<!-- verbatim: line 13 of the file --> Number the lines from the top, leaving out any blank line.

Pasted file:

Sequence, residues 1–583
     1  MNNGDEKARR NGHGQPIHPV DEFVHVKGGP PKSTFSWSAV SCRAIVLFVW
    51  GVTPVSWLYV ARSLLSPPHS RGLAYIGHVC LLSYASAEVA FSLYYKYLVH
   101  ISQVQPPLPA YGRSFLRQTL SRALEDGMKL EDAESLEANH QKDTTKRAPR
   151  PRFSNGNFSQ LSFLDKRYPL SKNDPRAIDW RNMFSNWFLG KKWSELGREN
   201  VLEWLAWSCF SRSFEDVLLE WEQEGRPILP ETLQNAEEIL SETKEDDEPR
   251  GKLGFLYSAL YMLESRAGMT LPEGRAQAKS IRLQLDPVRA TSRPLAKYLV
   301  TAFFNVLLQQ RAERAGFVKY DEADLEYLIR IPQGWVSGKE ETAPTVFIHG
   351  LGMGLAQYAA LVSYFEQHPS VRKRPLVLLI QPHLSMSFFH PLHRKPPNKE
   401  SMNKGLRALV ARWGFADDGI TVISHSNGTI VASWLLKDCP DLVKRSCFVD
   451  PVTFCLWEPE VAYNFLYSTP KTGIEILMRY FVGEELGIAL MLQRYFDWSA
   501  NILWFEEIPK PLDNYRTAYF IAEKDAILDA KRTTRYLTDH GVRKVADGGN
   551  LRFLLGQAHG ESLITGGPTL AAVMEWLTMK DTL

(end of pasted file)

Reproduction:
   551  LRFLLGQAHG ESLITGGPTL AAVMEWLTMK DTL